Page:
Overcome the most common way women sabotage a potential friendship.

I caught myself, in a strangely unguarded moment, doing the very thing that had sabotaged my friendships for years.    Why I saw it then is anybody’s guess.  


The revelation I stumbled upon is a woman’s most common mistake in relationships.  I realize that now.   At the time, I thought it was my unique flaw.


Here’s the scene.   This happened twenty years ago, but it’s stamped in my memory like yesterday.  


The setting was a small women’s gathering up in the valley of Virginia.  I didn’t know a soul there.   All we had in common was a mutual interest in counseling and spiritual direction.  It was like someone had scooped us up out of the pile of general humanity with the hope of getting as much variety in the bucket as possible.


I looked around the room and for the first time, I caught myself in the act of thinking a crazy, crazy thought.   I don’t expect that any of these women would want a friendship with me.   I probably seem so “different.”


Maybe someone knocked me upside the head in that exact moment, or something, because I saw it.   With a blaze of insight I got it.   Paula, you crazy woman, you have been projecting your stuff onto to other people—passing your thoughts off as their thoughts—since you were waist high.   Stop it.   Stop climbing inside someone else’s head.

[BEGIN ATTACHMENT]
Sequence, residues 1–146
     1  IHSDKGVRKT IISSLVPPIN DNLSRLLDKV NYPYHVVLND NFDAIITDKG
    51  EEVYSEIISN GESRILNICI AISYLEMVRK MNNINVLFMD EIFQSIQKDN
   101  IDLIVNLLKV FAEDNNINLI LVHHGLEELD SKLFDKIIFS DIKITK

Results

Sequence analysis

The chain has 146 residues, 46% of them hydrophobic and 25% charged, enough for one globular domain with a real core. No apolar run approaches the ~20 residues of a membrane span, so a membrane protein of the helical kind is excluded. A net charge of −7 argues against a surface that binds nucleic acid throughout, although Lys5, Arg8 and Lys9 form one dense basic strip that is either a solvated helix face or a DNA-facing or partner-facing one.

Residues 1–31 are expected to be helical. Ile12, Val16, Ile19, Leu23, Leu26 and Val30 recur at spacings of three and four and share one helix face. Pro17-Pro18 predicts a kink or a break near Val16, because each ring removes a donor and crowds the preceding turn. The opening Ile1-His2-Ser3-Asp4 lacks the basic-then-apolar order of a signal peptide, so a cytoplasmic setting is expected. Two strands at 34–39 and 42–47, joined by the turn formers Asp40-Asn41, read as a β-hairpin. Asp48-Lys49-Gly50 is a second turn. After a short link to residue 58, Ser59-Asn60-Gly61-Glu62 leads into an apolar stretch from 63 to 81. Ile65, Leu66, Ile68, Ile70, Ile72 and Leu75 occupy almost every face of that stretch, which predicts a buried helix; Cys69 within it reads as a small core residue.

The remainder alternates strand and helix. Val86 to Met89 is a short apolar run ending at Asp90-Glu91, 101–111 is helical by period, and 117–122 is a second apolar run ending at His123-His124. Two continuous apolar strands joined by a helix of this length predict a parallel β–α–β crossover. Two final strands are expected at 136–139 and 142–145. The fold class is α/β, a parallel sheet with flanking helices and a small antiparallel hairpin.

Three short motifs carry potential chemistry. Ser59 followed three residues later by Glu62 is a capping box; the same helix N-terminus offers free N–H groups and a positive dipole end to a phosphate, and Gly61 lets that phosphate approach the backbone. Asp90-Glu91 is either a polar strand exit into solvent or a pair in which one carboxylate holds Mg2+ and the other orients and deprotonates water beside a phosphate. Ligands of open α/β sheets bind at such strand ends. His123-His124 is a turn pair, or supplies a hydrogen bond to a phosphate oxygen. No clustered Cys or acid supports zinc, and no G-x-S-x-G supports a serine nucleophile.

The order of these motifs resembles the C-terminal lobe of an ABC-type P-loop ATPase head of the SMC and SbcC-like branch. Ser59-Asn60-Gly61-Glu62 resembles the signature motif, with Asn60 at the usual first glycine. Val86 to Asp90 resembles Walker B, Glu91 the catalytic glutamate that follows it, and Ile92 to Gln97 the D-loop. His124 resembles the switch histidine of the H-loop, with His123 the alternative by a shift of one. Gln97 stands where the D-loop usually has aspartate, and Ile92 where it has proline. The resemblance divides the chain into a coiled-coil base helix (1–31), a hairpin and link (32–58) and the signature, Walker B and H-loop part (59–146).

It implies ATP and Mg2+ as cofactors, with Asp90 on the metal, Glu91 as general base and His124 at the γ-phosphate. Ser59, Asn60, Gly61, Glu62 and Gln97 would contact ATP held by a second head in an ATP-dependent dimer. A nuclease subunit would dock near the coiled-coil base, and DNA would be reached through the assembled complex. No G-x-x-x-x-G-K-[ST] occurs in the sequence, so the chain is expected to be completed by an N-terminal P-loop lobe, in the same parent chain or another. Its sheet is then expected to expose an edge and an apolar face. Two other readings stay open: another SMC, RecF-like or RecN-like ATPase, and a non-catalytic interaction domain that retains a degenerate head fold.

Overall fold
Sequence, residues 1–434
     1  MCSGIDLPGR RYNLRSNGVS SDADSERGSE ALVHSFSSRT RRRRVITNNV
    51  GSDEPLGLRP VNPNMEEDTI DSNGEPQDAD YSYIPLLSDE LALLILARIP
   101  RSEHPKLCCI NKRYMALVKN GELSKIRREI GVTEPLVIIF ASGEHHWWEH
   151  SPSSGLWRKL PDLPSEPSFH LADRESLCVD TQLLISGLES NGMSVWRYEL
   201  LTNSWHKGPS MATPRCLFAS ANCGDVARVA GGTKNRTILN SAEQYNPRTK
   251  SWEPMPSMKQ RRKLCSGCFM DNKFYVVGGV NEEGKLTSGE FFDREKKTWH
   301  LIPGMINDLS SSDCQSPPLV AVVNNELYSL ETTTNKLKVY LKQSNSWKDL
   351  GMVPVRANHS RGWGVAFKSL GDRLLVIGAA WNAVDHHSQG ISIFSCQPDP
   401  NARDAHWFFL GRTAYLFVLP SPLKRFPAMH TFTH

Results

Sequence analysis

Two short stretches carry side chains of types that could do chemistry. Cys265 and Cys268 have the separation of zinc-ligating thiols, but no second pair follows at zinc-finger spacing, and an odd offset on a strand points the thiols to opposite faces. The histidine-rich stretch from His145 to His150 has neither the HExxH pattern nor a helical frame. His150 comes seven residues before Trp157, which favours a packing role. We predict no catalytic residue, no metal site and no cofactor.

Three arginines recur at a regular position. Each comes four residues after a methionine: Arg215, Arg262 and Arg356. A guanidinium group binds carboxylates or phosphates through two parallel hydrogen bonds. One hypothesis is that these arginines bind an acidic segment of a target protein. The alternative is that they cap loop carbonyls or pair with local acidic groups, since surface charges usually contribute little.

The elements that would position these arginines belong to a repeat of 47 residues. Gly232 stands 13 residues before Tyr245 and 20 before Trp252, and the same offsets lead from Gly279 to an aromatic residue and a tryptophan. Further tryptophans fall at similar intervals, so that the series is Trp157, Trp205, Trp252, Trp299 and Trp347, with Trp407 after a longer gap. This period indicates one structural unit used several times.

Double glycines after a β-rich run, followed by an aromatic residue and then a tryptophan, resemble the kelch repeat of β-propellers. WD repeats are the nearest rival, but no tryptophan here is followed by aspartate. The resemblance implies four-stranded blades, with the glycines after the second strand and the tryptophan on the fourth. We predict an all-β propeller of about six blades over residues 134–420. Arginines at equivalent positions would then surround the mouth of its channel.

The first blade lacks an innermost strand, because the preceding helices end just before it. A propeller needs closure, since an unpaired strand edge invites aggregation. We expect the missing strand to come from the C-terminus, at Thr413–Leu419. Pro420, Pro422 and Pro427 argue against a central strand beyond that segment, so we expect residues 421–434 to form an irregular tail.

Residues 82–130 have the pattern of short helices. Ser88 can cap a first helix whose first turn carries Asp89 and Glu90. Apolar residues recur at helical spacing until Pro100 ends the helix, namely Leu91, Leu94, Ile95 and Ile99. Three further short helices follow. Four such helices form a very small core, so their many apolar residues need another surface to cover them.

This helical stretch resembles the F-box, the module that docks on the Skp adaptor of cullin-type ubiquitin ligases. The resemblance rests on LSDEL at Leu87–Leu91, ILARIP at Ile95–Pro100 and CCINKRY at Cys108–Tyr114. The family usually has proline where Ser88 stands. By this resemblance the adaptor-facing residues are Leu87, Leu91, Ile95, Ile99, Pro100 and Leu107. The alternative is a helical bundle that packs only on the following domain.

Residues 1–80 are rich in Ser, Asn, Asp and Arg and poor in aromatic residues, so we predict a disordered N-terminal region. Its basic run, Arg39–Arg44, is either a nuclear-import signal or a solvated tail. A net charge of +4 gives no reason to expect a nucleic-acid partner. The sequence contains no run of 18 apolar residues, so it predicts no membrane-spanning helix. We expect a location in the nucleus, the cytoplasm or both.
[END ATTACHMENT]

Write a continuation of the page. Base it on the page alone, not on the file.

As in, maybe these women have their crazy little insecurities, too.   Maybe you are not the only person who feels like the odd woman out.


This little internal maneuver, where you stop pasting your insecurities onto someone else, is known by a fancy and very helpful phrase.  It’s called taking back your projections. 


If you want to make a new friend…. or improve the friendships you’ve already got, this is holy grail.   I’m not kidding.


Projecting your stuff onto others can be a way of life.  You may be so accomplished at this “talent” you’ve got it down to an art form.   Without realizing it.


It’s a talent you want to lose if you possibly can, though.  When you staple your thoughts and feelings inside another person’s head you form the wrong conclusion.  It doesn’t fit.  


It just means that you will back up five feet and probably, stiff-arm the relationship.    The weirdest dances between people happen when one party thinks the other party thinks what they aren’t thinking to start with.


The safest and truest place to begin with anyone you might hope could be your good friend is the Beatle’s old song.   All The Lonely People….where do they all come from?  


Sometimes I think we have never lived in a lonelier period of time.  Stressed, fragmented, weighted down, sheep without a shepherd—the famous words of Jesus so describe us.  


Every week I hear someone say, I don’t have any really good friends.   It’s like we are dying for someone to ask us to just hang out—or get a cup of coffee.  Or something. 


Of course, to see that clearly (how lonely most of us actually are)…you have to take back your projections.